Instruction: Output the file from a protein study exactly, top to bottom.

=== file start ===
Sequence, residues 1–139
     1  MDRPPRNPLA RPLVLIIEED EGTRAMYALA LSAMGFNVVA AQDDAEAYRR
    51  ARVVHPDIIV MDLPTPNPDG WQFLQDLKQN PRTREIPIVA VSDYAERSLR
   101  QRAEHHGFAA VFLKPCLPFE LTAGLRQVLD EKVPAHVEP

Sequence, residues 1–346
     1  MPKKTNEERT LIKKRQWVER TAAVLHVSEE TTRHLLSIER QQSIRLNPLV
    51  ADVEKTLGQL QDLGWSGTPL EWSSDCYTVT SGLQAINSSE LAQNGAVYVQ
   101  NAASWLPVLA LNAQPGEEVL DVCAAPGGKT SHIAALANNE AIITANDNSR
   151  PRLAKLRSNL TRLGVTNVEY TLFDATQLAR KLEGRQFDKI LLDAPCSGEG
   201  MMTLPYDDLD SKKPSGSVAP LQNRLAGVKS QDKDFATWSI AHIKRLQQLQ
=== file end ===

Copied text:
Sequence, residues 1–139
     1  MDRPPRNPLA RPLVLIIEED EGTRAMYALA LSAMGFNVVA AQDDAEAYRR
    51  ARVVHPDIIV MDLPTPNPDG WQFLQDLKQN PRTREIPIVA VSDYAERSLR
   101  QRAEHHGFAA VFLKPCLPFE LTAGLRQVLD EKVPAHVEP

Sequence, residues 1–346
     1  MPKKTNEERT LIKKRQWVER TAAVLHVSEE TTRHLLSIER QQSIRLNPLV
    51  ADVEKTLGQL QDLGWSGTPL EWSSDCYTVT SGLQAINSSE LAQNGAVYVQ
   101  NAASWLPVLA LNAQPGEEVL DVCAAPGGKT SHIAALANNE AIITANDNSR
   151  PRLAKLRSNL TRLGVTNVEY TLFDATQLAR KLEGRQFDKI LLDAPCSGEG
   201  MMTLPYDDLD SKKPSGSVAP LQNRLAGVKS QDKDFATWSI AHIKRLQQLQ